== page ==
Federal Reserve Chairman Ben Bernanke testifies in Washington before… (J. Scott Applewhite / Associated…)
The amount of money U.S. consumers owe continued to rise in April as Americans took on more debt to pay for big-ticket items such as college and cars.
Total consumer credit outstanding rose $6.5 billion, an annualized 3.1%, according to a report from the Federal Reserve. That followed an increase of $12.4 billion in March.
The increase occurred even as consumers paid down credit card debt. Revolving debt outstanding, which includes mostly credit cards, fell $3.4 billion in April.
At the same time, non-revolving debt, which includes financing for school and cars, increased $10 billion, its largest gain in three months. The Fed report does not include home loans.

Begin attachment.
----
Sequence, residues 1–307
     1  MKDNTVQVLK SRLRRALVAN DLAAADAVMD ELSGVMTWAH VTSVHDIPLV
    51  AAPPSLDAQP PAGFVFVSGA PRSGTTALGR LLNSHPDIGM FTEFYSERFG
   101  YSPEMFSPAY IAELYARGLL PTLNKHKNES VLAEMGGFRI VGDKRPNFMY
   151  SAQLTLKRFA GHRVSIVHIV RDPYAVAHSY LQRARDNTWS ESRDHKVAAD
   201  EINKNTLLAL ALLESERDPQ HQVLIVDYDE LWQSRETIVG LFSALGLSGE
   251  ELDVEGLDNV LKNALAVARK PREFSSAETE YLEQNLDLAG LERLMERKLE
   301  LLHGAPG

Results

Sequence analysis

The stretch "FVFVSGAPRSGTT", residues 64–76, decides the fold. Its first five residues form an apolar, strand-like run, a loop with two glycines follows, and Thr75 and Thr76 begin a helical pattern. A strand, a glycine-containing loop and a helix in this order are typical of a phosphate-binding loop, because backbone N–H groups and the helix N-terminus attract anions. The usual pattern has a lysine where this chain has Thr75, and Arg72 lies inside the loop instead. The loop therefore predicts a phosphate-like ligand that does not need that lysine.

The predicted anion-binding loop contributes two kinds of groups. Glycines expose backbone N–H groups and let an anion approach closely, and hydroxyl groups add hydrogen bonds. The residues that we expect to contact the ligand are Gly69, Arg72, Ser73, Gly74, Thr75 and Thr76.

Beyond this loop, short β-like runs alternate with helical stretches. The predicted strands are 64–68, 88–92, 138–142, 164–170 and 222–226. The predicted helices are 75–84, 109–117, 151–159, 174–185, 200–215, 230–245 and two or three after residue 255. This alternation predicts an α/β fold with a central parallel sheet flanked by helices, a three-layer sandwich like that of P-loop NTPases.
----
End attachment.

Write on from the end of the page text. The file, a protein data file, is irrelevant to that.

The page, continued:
Credit Suisse shows student loans skyrocketing in the last several years. “They’ve been exploding," said Dana Saporta, director of U.S. economics research at Credit Suisse, "but this month we do believe some of it was auto loans as well.”
The overall credit increase was smaller than expected, indicating waning confidence in the U.S. economy compared with earlier in the year.
This comes after a month of mostly negative economic indicators, including a dismal employment report from the Labor Department and a weakening consumer confidence index from the Conference Board.
If people were feeling better about the economy, they would be putting more purchases on credit cards, Saporta said. “We would feel more optimistic if credit cards and auto loans were increasing, because that would indicate that consumers were feeling more confident about the labor market.”
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